I use Logic Pro X, and I routinely use Serum and the FabFilter Pro Bundle. I use a bunch of different things but if I only had Serum and FabFilter I’d be dandy. I could teach a whole semester course based on what I wish knew when I started producing, but if it all revolved around one theme it would be to do what feels natural and never take yourself too seriously.

Listen to a ton of music and learn by replicating the songs you love. Use the schools of YouTube and Reddit religiously, and know that there are NO “stupid” questions in this craft—the best work comes from curious accidents. You are not defined by your gear, you should only use gear and software that you could yield as an extension of your brain, and practice every day no matter the circumstances.

Since you’ve seen some serious success with your recent tunes and remixes, can you share a few essential tips you have for producers to get their tracks noticed by bigger labels?

Getting noticed is a combination of the music in your arsenal, the brand you’ve built around it, and the presence you have in the community. It’s most important to be active and friendly in Reddit’s r/edmproduction and Facebook producer groups. Get out to the local events and get to know the promoters and DJs. Having a community of producers around you to cross-promote, collaborate, and just help in general is the key.

As a Chicago native, you’ve been involved in the local scene for several years. What are some of your favorite qualities of the city’s electronic music scene?

There’s so much I could say about Chicago. I think the best part is just the people in the community. The Producer/DJs, the promoters, the club staff, the fans, everybody is family. People find it hard to believe, but the local scene is very welcoming and open to anybody willing to commit their time and passion to it. It’s easy to work hard when everyone around you is a positive influence.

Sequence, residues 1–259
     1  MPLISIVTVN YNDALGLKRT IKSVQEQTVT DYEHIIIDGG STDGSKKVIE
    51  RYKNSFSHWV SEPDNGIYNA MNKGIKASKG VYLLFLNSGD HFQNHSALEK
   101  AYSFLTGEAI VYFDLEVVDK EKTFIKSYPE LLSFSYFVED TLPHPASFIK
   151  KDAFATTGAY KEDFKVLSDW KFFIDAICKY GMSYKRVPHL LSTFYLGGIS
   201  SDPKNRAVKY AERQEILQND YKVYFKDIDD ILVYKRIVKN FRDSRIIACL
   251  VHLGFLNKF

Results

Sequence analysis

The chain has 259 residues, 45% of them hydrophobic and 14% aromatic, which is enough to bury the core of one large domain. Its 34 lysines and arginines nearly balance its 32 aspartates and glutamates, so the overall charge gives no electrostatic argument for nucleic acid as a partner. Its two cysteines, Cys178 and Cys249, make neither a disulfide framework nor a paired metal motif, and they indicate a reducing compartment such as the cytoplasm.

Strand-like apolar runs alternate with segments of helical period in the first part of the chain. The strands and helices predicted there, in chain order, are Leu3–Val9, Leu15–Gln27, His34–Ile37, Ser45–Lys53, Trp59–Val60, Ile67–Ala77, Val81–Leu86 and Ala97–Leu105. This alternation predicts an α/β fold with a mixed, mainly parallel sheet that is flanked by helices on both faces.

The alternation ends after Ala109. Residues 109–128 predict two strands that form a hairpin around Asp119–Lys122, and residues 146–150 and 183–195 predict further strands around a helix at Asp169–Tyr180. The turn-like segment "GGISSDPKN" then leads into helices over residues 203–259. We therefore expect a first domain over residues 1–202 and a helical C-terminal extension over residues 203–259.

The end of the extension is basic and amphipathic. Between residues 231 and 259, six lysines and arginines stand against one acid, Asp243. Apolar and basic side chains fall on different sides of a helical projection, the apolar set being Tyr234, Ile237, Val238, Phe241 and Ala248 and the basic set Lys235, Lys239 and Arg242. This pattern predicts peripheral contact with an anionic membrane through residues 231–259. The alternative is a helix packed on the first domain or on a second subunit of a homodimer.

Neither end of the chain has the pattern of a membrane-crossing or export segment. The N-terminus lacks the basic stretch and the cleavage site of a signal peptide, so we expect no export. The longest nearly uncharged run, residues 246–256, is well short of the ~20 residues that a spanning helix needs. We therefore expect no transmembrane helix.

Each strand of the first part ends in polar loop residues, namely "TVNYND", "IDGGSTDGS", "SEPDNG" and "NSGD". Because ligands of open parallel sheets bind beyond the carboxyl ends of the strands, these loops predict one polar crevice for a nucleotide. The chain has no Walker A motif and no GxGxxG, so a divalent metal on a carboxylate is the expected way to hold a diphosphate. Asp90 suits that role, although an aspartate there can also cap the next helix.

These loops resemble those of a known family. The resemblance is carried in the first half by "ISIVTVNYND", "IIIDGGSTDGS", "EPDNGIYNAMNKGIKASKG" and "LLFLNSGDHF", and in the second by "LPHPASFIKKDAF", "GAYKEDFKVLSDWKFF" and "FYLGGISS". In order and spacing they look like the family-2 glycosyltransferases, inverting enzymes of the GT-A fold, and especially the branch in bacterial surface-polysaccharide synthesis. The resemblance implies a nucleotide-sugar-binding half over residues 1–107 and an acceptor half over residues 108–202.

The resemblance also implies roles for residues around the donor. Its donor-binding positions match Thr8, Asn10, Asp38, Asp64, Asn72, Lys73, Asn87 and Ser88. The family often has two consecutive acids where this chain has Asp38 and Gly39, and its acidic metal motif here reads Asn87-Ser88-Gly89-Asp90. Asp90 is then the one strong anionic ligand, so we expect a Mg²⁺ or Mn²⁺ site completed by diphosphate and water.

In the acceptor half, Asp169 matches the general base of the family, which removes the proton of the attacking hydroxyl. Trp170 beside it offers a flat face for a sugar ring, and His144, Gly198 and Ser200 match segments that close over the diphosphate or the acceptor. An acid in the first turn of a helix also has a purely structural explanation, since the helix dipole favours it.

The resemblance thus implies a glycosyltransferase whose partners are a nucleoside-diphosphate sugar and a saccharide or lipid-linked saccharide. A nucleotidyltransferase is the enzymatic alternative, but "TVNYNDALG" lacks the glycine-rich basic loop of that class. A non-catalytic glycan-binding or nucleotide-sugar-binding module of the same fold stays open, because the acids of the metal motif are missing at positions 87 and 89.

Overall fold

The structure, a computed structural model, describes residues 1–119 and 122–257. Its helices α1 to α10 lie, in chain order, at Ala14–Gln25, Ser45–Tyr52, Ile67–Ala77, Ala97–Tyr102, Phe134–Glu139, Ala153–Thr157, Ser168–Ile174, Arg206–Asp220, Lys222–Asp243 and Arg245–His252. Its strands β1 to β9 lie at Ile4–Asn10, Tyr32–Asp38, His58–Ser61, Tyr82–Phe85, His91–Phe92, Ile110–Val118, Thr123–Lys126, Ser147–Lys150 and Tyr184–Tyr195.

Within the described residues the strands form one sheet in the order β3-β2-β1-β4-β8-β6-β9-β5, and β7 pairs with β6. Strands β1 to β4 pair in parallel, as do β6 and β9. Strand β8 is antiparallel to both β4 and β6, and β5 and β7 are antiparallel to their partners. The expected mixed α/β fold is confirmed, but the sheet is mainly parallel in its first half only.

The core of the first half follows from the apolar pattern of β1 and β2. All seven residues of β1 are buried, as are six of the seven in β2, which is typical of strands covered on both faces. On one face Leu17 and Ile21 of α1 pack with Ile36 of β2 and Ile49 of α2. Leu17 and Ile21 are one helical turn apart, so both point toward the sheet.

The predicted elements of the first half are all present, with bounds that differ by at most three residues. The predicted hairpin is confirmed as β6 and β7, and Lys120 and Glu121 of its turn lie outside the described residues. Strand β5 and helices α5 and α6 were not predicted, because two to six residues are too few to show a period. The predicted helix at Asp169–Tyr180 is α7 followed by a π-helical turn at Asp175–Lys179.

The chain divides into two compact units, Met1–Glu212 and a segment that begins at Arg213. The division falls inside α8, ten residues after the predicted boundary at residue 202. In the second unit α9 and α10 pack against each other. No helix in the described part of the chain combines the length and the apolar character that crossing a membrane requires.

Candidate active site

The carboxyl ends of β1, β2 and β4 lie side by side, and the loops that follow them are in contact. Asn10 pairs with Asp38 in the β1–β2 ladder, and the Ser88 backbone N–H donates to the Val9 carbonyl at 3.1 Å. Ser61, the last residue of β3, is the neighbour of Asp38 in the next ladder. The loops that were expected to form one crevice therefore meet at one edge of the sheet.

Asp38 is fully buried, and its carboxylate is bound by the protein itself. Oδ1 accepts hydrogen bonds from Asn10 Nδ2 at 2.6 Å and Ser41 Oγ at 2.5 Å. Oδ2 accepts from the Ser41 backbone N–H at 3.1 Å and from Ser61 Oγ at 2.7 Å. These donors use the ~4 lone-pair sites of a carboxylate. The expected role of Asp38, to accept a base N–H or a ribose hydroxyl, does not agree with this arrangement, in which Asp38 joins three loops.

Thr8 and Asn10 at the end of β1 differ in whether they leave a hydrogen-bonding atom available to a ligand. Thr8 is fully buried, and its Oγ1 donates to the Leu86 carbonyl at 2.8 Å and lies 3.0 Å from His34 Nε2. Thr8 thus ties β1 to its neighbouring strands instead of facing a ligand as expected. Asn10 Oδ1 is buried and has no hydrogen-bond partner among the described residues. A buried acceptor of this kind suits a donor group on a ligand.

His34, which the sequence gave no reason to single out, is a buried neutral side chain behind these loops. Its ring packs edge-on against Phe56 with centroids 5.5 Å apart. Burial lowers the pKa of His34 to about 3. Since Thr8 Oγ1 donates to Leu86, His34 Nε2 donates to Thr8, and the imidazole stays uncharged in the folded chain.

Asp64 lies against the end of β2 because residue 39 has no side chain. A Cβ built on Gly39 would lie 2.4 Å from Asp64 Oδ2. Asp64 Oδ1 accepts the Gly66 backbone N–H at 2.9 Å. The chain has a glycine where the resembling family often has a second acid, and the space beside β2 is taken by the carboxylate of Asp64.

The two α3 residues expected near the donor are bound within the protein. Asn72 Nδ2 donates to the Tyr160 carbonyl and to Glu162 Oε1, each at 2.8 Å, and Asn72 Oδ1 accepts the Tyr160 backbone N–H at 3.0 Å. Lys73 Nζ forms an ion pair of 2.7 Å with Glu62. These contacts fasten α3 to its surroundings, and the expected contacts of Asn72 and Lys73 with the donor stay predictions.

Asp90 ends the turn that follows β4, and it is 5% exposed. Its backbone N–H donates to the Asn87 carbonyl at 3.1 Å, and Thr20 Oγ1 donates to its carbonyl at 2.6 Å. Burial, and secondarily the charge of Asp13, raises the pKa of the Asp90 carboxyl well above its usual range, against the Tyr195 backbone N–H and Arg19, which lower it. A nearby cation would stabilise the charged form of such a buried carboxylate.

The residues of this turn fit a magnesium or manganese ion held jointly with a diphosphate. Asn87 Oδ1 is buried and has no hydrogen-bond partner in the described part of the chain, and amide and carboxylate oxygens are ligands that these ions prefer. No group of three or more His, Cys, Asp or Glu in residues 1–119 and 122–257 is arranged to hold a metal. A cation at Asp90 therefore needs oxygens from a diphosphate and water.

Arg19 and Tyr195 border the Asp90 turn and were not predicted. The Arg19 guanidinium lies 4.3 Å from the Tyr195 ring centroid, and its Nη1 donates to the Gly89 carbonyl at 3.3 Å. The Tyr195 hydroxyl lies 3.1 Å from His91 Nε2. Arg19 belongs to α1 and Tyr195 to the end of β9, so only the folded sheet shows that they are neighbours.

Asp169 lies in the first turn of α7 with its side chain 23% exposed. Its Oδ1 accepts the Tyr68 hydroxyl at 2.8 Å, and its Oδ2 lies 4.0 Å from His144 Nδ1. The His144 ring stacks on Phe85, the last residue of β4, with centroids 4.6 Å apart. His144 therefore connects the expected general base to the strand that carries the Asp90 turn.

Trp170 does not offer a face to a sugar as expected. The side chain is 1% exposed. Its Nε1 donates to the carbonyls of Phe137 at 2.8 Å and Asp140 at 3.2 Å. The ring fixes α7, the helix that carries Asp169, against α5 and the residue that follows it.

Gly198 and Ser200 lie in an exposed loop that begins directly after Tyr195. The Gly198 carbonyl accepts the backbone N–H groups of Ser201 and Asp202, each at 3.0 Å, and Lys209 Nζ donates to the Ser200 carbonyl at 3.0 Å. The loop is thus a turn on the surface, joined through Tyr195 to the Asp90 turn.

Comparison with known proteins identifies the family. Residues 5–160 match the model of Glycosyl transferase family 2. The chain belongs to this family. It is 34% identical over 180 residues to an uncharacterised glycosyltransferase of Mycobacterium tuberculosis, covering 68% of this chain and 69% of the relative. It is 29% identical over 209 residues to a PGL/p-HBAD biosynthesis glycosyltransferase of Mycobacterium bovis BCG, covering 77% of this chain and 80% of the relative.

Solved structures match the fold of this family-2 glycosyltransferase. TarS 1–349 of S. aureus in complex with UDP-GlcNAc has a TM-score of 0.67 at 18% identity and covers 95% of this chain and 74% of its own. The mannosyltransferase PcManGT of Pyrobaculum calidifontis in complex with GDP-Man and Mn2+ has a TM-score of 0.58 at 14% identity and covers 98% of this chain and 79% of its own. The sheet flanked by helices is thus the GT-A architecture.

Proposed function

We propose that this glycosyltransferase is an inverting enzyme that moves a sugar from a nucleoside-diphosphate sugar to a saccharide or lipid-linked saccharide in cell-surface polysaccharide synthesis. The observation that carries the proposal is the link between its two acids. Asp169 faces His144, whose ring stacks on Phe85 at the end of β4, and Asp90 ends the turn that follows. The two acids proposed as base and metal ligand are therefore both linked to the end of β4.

With the COVID-19 outbreak affecting the music industry at unprecedented levels, what are some ways in which you’re staying productive and positive during this time?

The outbreak has brought its challenges mentally and financially, but I’ve been trying to flip this time to my advantage. Before the pandemic I often found myself wishing I had the time of day to produce in bulk, as I did when I was younger. I’ve spent every day of lockdown planted in front of my computer chipping away at songs and it feels great. I feel like a kid during summer break again! Another thing I’ve been doing to stay positive is just FaceTime with my buddies. Even if I get just 5 minutes of meaningless conversation out in the morning, I have a more positive outlook on the day.

Once the Coronavirus pandemic passes over, what are you most excited for once nightlife and festival season come back?

I’m honestly most excited to be able to go sit at a bar and have a beer and a burger. For real though, I’m hoping I could push some of these unreleased tracks out there during the pandemic so that I could fill my schedule up with shows and festivals when it’s over. I can’t wait for the next time I get to vibe out with a crowd.

Lastly, if you could collaborate with any other artist, who would it be and why?

It’s really hard to say who I’d want to work with, so many names come to mind. If I were setting a goal, it’d be either Malaa, Drezo, or Deathpact. But if I were just dreaming, it’d be Justice or Oliver.

Connect with Proppa on Social Media:

Facebook Twitter Instagram SoundCloudYouTube

A lifelong Chicagoland native, Michael has been attending shows since discovering electronic music in late 2011. Usually sticking to events around the midwest, Michael attends Spring Awakening, Lollapalooza, Electric Forest, Ultra, and more festivals annually. With a music taste that includes everything from electro to techno to hardcore, Michael is here to share his unique passion for electronic music.

Leave a Reply